In the contest for the May 5 election, the Tories have been calling on voters to install them as the second largest party in the Scottish Parliament.
With Labour determined to fight off the challenge, Scottish leader Kezia Dugdale will focus her attention on how new welfare powers coming to the Edinburgh parliament could be used to create a “social security system with dignity at its heart”.
Meanwhile Ms Davidson will tell Conservatives that the SNP in power puts a “sticking plaster over the many fundamental issues we need to tackle”.
While polls suggest Nicola Sturgeon’s party is heading for a second majority term, Ms Davidson will insist there needs to be a change in attitude.
“We need the SNP to put its own political ambitions to one side, and focus on making Scotland work better,” she will say.
“We are going to provide the strong opposition that, up till now, the SNP hasn’t had to cope with. We are going to finally hold this SNP government’s feet to the fire.”
Ms Davidson will insist: “Scotland deserves better than this political control freakery, it deserves better than a government which still puts its cause of independence first, it deserves better than the endless fake grievance and the spin over substance.”
Ms Sturgeon will set out how a re-elected SNP administration would work with unions as she addresses the Scottish Trades Union Congress annual congress in Dundee.
Meanwhile Ms Dugdale will promise Labour would create a fairer social security system if voted into office.
The party plans to abolish the so-called bedroom tax, raise the carers’ allowance to the same level as jobseekers’ allowance and double the Sure Start maternity grant paid to some new mothers to just over £1,000.#
The Labour leader said: “We can build a fairer Scotland with the new powers coming to the Scottish Parliament if we are bold enough to actually use them.
“Labour will create a social security system with dignity at its heart and will give vulnerable Scots the option of cash or payments in kind. The SNP voted against this in the last parliament. That was the wrong decision for Scots who need support and compassion from their government.
“We can break from Tory austerity in social security and in public services. Hundreds of millions of pounds of cuts will hold our young people back from reaching their potential and grabbing opportunities that the next decade will bring.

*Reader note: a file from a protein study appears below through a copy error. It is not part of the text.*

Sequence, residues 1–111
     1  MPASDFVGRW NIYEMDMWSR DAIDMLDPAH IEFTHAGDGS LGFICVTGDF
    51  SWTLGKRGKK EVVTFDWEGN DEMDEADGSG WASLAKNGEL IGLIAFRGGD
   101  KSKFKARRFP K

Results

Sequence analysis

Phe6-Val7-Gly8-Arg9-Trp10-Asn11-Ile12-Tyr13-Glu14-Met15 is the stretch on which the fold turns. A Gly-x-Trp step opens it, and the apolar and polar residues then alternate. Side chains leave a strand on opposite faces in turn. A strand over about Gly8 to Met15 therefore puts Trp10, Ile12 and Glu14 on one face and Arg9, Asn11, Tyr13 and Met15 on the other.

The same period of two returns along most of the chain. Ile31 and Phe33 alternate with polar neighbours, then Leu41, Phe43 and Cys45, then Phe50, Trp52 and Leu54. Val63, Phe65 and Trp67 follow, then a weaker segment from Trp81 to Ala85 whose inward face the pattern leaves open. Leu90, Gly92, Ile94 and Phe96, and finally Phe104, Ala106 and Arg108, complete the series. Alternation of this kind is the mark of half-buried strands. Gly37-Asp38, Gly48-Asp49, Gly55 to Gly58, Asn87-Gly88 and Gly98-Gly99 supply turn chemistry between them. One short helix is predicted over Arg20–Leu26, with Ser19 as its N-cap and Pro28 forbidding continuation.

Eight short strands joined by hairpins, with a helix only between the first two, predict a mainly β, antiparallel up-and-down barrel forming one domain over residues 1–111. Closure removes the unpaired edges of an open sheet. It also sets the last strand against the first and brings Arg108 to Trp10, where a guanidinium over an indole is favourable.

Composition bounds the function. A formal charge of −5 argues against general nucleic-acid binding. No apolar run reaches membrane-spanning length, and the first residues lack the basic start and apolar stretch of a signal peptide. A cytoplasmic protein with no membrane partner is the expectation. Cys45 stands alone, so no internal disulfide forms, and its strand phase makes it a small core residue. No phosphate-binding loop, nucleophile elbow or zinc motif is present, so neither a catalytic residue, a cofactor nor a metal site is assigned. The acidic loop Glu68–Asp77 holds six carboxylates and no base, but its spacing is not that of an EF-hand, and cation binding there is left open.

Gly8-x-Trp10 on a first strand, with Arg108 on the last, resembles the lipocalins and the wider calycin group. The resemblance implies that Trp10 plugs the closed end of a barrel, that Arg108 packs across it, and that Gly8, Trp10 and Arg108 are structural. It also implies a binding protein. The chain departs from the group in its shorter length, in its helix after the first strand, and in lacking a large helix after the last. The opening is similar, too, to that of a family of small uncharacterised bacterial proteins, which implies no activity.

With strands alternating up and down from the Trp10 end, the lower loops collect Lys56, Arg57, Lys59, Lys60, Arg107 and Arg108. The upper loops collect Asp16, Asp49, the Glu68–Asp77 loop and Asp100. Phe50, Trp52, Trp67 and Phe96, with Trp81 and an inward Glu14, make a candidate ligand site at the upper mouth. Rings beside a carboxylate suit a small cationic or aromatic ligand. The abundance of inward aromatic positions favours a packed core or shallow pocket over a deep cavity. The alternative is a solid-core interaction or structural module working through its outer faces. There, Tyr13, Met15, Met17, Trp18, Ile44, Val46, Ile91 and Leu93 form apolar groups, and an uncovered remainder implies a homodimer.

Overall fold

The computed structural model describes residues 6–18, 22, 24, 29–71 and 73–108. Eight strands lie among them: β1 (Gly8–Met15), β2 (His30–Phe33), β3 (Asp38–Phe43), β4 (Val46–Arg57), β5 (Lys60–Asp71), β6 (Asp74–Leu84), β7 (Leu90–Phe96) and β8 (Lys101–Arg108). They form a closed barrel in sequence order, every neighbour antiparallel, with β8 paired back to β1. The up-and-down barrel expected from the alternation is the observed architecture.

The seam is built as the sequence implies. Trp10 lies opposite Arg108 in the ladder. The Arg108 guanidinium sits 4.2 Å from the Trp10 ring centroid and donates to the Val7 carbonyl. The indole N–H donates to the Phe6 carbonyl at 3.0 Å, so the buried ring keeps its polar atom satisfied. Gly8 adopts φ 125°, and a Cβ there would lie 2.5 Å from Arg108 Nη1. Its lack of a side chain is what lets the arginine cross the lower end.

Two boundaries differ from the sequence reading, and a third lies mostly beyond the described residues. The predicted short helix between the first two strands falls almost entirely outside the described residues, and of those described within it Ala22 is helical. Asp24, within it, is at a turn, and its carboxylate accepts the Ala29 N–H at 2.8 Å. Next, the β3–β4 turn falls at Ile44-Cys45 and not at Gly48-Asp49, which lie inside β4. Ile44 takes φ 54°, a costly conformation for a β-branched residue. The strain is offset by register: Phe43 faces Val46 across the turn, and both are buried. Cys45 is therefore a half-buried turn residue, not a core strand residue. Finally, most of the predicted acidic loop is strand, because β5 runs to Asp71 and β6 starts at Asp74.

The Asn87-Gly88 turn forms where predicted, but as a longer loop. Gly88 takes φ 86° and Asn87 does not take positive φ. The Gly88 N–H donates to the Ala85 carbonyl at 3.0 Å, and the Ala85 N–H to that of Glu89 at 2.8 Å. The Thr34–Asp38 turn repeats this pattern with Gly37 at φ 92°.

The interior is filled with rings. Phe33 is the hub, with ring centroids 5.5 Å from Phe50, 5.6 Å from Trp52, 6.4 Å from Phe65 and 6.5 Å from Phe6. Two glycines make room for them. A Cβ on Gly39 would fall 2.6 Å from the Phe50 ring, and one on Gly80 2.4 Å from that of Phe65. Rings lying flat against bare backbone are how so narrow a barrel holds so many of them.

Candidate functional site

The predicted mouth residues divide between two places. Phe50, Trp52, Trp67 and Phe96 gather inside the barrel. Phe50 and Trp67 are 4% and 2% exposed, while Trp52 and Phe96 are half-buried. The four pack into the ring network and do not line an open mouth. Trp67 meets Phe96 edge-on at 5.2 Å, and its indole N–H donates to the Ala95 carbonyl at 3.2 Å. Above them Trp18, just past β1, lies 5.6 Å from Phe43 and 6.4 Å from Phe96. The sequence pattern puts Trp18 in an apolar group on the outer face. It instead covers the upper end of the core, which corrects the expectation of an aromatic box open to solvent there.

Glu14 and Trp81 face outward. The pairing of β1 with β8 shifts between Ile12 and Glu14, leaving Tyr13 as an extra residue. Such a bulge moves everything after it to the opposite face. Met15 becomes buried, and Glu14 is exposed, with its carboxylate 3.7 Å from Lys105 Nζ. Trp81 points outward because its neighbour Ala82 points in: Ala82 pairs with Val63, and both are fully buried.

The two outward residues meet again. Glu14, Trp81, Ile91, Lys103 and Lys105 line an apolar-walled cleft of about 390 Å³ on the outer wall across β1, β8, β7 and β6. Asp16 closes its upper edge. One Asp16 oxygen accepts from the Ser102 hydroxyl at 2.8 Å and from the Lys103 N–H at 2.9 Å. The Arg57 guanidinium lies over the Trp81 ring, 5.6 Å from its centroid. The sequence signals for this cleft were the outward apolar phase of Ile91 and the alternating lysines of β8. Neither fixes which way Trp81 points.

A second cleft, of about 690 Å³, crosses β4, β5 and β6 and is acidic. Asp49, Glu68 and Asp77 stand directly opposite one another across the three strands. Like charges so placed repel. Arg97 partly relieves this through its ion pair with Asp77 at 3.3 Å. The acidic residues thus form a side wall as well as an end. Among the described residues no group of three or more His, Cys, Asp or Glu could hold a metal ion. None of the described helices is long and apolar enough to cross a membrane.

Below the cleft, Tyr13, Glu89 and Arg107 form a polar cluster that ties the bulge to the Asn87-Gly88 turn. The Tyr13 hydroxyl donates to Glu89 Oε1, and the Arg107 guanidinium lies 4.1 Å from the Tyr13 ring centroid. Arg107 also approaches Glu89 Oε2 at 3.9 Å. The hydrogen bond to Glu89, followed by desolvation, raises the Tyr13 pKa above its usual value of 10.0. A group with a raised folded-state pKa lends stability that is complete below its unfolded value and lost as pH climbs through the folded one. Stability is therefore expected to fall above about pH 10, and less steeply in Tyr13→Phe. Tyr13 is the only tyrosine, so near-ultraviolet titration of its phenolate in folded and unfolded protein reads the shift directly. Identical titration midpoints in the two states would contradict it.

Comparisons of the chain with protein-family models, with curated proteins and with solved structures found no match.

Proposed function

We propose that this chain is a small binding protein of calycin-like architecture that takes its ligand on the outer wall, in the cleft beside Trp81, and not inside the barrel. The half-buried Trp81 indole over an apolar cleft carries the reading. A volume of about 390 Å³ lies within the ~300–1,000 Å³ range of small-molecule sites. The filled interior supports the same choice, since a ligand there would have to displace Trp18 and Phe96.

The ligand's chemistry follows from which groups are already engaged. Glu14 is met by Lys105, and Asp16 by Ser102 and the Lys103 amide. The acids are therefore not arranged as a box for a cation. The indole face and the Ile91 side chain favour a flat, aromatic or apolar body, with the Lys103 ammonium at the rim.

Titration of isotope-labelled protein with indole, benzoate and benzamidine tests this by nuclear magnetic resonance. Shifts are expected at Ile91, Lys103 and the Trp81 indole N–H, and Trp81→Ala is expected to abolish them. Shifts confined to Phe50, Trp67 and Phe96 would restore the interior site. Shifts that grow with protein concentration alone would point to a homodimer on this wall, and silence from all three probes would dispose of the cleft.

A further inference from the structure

“Under a Labour Scottish Government people will get the support they need when they fall on hard times and the resources they need to develop the skills for the jobs of the future.”
Liberal Democrat leader Willie Rennie will highlight his party’s plans to help smaller food firms win more government contracts.
He will argue: “Our small businesses sell some of the best food and drink in the world but at present, the way that the government chooses to buy produce locks them out of public contracts that would help them grow. We need to end the big business comes first mentality that has characterised the SNP government.
“Buying local food and drink is good for environment, cutting down on food miles. It is good for jobs and good for our economy. We need to make it easier for Scotland’s small businesses to compete on a level playing field with big firms.”
Meanwhile Scottish Green co-convener Patrick Harvie will set out how a larger group of MSPs from his party could create a “bolder Holyrood” as he campaigns in the Glasgow Kelvin constituency.
With the Greens hoping for their best every Holyrood result Mr Harvie will be questioned by voters at an event in Glasgow.
Speaking ahead of it, he said: “During this campaign we’ve already spoken directly with far more voters than ever before, on the doorsteps and in communities right across Scotland.
“But with interest running especially high in Green priorities for Glasgow Kelvin and opinion polls suggesting we could be on track for a record result, we’re keen to offer voters every chance to hear from us and to tell us what they think. F
“From social media to traditional public meetings, we want to make sure this election campaign reaches every voter.”